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Re: Flyspell difficult to configure, documentation not honest

From: Eli Zaretskii
Subject: Re: Flyspell difficult to configure, documentation not honest
Date: Thu, 12 Jul 2018 19:26:17 +0300

> Date: Thu, 12 Jul 2018 14:59:01 +0000 (UTC)
> From: "R. Diez" <>
> I have been trying to use Flyspell, and I found it difficult to configure.

I hear you, but FWIW I find Flyspell very easy to use.

> You have to search the Internet in order to find good tips. After some time, 
> I found this page, which summarises Flyspell's shortcomings:

It is outdated and partially incorrect (e.g., right mouse click does
work on Flyspell).

> If the documentation were honest, it would mention those shortcomings itself, 
> maybe as part of a CAVEATS section. Otherwise, you are lead to believe that 
> Flyspell is fine and dandy, which clearly is not the case. After all, we are 
> all used to 'proper' spell checkers all around us (for example, in 
> LibreOffice).

I added a few sentences to the Emacs manual to that effect.

> I am using Emacs 26.1. The source code comments are outdated. For example:
> ;; Some user variables control the behavior of flyspell.  They are
> ;; those defined under the `User variables' comment.
> However, I found no "user variables" comment anywhere on that file.
> Furthermore, this comment does not mention anything about literal strings 
> being checked too (more on that further below):

I fixed both of those.  However, I must say that

  M-x customize-group RET flyspell RET

would have brought you faster to the stuff you need than reading the
comments.  My suggestion is to use the built-in documentation (the doc
strings, the manual, and the customizable options) first, and only if
they don't provide enough info, to read the code.

> The first big gotcha was trying to set up automatic language detection, which 
> should arguably be part of Flyspell.

This is a general issue in Emacs: we don't yet have any notion of
language of the text.  In a plain-text editor such as Emacs that is
capable of mixing any number of different languages and scripts in the
same buffer, this is not an easy job.  For now, you must change
dictionaries whenever you need to spell-check text in a different
language, unless you are using Hunspell, which can load more than one
dictionary at the same time.

> I have a big text file with all my assorted notes (I haven't learnt Org Mode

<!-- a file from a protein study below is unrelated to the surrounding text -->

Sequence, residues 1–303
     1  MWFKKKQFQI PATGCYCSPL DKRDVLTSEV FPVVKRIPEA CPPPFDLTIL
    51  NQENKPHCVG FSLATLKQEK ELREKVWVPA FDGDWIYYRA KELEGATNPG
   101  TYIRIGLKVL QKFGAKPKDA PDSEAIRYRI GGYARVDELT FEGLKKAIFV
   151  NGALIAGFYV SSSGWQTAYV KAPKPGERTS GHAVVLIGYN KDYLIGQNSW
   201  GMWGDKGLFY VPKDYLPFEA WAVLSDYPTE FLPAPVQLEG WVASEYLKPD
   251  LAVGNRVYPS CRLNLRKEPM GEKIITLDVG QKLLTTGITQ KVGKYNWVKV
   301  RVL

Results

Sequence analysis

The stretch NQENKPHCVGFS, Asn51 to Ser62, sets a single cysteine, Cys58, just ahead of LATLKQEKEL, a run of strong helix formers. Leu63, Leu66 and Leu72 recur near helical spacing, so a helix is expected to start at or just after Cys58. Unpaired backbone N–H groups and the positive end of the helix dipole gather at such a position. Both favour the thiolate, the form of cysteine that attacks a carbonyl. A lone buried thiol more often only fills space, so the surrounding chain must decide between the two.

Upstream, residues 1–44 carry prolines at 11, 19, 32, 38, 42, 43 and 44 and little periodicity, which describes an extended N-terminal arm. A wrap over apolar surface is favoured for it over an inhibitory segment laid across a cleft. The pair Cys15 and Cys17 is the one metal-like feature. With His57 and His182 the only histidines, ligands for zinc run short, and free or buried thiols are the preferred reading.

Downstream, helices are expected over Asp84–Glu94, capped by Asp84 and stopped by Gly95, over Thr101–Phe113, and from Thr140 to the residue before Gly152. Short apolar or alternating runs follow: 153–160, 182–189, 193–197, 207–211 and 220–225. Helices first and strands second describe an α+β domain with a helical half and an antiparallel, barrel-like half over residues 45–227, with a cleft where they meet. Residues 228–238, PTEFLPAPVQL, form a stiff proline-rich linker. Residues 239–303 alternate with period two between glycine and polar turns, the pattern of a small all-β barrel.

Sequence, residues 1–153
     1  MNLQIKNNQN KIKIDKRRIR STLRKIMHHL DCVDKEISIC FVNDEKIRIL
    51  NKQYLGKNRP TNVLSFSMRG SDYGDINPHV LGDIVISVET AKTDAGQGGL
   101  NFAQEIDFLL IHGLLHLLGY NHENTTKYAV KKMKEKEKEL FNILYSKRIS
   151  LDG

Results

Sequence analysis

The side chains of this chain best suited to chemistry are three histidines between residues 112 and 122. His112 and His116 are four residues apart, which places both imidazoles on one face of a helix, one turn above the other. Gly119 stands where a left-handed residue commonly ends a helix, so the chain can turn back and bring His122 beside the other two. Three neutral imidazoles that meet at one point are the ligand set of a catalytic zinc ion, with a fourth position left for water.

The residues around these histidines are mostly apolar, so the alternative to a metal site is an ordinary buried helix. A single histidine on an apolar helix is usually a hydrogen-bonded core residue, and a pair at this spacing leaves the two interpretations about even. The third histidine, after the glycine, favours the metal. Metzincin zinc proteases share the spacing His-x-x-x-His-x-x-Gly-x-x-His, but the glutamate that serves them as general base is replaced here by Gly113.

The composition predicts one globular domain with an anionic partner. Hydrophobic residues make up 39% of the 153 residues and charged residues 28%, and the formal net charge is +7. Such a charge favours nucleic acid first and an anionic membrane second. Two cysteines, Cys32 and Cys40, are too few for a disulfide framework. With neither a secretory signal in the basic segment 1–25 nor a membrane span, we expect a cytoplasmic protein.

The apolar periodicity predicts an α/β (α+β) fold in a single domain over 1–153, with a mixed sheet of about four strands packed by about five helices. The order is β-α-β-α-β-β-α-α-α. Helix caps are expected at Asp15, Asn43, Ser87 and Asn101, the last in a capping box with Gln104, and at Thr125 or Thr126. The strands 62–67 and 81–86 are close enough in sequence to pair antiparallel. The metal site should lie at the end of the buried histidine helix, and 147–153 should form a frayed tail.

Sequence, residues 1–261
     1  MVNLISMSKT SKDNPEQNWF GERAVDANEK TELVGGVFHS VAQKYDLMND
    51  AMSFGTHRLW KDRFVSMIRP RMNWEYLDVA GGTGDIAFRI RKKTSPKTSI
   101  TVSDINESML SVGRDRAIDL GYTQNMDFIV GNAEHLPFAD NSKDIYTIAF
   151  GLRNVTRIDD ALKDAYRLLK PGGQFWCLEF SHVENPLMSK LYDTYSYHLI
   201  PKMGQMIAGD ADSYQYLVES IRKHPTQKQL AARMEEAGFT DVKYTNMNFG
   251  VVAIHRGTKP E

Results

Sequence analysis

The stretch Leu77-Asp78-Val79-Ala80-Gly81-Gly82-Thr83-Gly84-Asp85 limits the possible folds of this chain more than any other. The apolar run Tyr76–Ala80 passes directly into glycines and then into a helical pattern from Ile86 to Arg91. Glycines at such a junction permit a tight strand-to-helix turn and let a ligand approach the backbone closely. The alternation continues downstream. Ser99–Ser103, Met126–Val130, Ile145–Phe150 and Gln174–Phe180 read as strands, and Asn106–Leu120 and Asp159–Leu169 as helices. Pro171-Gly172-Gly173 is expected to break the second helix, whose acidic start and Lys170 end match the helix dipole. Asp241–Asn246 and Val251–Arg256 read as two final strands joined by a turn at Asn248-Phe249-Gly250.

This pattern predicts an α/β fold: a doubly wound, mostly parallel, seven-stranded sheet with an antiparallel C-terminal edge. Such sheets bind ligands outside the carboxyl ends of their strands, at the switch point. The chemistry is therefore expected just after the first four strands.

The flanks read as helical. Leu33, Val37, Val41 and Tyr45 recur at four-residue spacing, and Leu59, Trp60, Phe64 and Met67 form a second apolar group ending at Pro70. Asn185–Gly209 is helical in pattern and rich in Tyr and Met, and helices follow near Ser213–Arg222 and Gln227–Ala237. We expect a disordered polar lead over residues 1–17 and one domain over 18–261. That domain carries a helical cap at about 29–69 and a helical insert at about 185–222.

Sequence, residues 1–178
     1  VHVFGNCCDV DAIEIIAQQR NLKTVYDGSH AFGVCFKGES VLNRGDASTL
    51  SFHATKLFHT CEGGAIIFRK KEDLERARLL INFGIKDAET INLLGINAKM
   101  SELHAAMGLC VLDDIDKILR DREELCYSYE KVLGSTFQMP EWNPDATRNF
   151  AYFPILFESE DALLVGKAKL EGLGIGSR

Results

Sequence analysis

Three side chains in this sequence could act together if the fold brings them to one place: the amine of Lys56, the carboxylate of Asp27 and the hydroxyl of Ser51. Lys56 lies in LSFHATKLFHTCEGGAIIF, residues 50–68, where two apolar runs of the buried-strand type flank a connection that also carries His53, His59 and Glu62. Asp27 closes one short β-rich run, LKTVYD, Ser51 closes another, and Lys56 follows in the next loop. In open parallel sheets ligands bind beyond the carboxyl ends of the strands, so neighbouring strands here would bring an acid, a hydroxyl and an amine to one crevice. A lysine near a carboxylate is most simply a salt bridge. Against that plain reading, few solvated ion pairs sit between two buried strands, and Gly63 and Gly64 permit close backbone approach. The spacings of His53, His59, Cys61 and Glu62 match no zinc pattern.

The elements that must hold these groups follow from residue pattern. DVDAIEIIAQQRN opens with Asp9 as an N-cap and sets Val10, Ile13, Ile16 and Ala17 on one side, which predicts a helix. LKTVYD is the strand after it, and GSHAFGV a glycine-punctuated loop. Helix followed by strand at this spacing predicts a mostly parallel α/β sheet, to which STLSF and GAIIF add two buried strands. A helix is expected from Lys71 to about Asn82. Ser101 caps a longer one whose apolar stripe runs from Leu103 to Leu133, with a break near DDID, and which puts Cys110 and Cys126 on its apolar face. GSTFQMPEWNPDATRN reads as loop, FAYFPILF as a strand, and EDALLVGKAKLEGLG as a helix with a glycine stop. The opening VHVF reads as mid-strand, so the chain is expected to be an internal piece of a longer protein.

> yet). I cannot spell-check all of it, that would turn up too many spurious 
> errors.

I usually find the Ispell facilities to accept "misspelled" words
either temporarily or permanently, quite adequate.  Type SPC or 'a' to
do any of those, when spell-checking a region or the whole buffer.
(Flyspell is not the right feature for this job; use ispell-region
instead.  Flyspell is mainly meant to check what you type on the fly.)

> I tried flyspell-region, and that is one of the biggest surprises: the spell 
> check is performed just once, and is not updated as I type inside that region.

Like everything else in Flyspell, misspelled words are re-checked when
you move across them or modify them.  That's a feature.  If you don't
like that, I suggest to use ispell-region instead.

> Well, I can manually recheck, however inconvenient. But the biggest surprise 
> is trying to remove the spelling marks at the end.

If the word is still a misspelling, why should the mark be removed?

> I nevertheless tried to push forwards with Flyspell, because alternatives 
> like Wcheck Mode or Speck did not seem quite ready yet. Next step was 
> flyspell-prog-mode . And here I found the next big drawback: it checks 
> literal strings too, even the filenames inside C's #include <blah/blah-h> 
> preprocessor directives, littering too much source code with error marks.

They are strings, aren't they?  How should Flyspell know that some
string is a file name?

> Trying to limit spell checking to just source-code comments is hard. I found 
> this page that explains how to do it:
> But I haven't quite understood it yet (I am no Lisp expert). How about adding 
> a simple customizable variable to turn literal string checking on and off?

I suggest to submit a feature request for that, using

> To top it all, there is one little surprise in store: disabling 
> flyspell-persistent-highlight renders flyspell-region useless.

Disabling flyspell-persistent-highlight turns off highlight once point
moves off the misspelled word.  I've now added that to the doc string.

> The whole experience reminds me of the expression "death by a thousand paper 
> cuts".

Sorry to hear that.

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